Civil unrest, violent crimes, natural disasters, and war zone: journalists dive headfirst into dangerous situations while doing their jobs, but people seldom hear their personal stories. Michael Dupuis, an author and retired Canadian history teacher, shares some of those stories in his upcoming book Bearing Witness: Journalists, Record Keepers and the 1917 Halifax Explosion.

Dupuis breaks down the experiences of the 24 journalists and reporters who documented the events and the people surrounding the largest human-caused explosion to happen before Hiroshima.

“The perspective is that of the reporters and correspondents who were sent to cover the aftermath,” says Dupuis. “It’s the perspective of a reporter who has to be objective, and balanced, and fair, but is also faced with this calamity.”

While researching the Titanic disaster for an earlier project, Dupuis stumbled across a pair of Canadian journalists who also covered the Halifax Explosion: Grattan O’Leary (Ottawa Journal) and Tommy Gorman (Ottawa Citizen). The discovery led Dupuis down a research rabbit hole.

But the research process was hard. Dupuis says he encountered two major challenges while working on the book: first was finding the original accounts in the newspapers and magazines. The second, more daunting challenge was identifying and profiling the journalists involved. To make it harder, many of the stories didn’t have bylines.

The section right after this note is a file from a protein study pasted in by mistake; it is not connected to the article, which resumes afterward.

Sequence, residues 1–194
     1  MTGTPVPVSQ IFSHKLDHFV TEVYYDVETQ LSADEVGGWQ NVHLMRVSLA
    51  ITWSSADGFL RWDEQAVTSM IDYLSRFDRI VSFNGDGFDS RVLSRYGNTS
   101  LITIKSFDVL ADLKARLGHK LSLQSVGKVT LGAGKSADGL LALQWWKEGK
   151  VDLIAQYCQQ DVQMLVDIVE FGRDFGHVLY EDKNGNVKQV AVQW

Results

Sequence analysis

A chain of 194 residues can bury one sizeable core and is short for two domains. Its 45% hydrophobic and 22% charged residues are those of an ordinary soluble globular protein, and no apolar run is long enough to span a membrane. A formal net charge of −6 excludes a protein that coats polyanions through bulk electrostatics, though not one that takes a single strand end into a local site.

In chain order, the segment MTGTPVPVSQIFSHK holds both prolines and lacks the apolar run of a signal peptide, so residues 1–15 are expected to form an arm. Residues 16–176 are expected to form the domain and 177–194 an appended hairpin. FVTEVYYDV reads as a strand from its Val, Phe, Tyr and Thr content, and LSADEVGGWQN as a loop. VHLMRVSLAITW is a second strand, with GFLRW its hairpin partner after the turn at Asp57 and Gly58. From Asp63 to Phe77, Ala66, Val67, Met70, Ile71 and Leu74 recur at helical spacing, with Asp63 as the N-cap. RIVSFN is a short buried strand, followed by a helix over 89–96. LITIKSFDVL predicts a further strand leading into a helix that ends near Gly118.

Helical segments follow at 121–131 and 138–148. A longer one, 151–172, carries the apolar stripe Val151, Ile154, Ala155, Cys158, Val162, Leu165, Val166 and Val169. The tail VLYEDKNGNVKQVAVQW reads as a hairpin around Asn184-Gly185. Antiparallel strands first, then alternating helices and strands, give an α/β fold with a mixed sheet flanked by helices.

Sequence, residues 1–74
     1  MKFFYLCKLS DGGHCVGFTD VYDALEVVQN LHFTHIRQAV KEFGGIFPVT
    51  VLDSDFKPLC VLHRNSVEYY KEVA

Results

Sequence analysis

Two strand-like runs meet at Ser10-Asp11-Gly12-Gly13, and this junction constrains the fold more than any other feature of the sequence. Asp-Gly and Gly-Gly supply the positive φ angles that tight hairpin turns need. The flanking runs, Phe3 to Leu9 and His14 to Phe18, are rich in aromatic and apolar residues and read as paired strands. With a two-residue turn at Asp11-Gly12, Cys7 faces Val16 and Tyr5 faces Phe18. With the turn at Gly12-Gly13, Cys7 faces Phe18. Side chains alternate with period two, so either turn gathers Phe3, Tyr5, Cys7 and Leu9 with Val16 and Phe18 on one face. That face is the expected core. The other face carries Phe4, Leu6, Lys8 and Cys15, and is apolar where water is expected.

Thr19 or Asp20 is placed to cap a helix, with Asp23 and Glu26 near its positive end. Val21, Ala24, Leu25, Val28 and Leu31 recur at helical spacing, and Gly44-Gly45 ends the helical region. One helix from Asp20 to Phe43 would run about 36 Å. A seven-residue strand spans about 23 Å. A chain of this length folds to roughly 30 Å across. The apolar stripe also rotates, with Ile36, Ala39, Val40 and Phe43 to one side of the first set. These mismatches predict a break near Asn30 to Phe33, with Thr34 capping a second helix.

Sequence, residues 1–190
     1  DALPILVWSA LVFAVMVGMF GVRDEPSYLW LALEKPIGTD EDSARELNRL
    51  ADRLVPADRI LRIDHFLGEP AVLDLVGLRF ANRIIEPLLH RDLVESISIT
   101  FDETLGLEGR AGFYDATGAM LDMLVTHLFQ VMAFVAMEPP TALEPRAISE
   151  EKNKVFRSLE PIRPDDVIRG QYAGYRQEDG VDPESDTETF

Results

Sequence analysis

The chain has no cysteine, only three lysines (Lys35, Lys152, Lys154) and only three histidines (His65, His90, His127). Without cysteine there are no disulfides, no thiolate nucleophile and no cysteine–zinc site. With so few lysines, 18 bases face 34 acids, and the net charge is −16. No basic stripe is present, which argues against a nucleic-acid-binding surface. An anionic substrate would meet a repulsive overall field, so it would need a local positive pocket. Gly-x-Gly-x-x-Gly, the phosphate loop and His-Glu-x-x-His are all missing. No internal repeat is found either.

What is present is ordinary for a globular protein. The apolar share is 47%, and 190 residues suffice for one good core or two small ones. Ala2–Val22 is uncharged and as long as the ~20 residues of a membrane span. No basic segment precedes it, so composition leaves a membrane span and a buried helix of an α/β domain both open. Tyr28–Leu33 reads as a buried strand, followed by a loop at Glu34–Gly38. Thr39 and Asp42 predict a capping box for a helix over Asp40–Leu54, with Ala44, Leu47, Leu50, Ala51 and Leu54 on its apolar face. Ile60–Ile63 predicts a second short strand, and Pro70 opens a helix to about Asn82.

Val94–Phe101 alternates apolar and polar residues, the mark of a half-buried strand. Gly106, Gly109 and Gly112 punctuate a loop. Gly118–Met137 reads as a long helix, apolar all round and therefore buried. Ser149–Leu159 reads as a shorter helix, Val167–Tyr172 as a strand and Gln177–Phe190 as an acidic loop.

“One of the journalists came from the Ottawa Citizen,” says Dupuis. “He wasn’t permitted a byline, but I have all of his original dispatches, which I found on microfilm. From there, I was able to contact his descendants.”

Dupuis ended up speaking with the journalist’s grandson, who told him about a journal his grandfather had written about his career.

“The journal explained how this reporter arrived in Halifax, and what he encountered and saw,” says Dupuis. “So I was able to tie his name to his stories.”

The result is a book containing original accounts of the event, along with over 30 images, including maps and photographs prepared by Joel Zemel, author of Scapegoat— the extraordinary legal proceedings following the 1917 Halifax Explosion.

“This is a recognition of the achievements of the mostly men, some women, who had to write in the midst of a tragedy and the aftermath, which was also so bad,” says Dupuis. “It’s to honour their contributions, and that’s why it was important for me to identify who they were.”

Fernwood Publishing releases Bearing Witness: Journalists, Record Keepers and the 1917 Halifax Explosion in Spring 2017.

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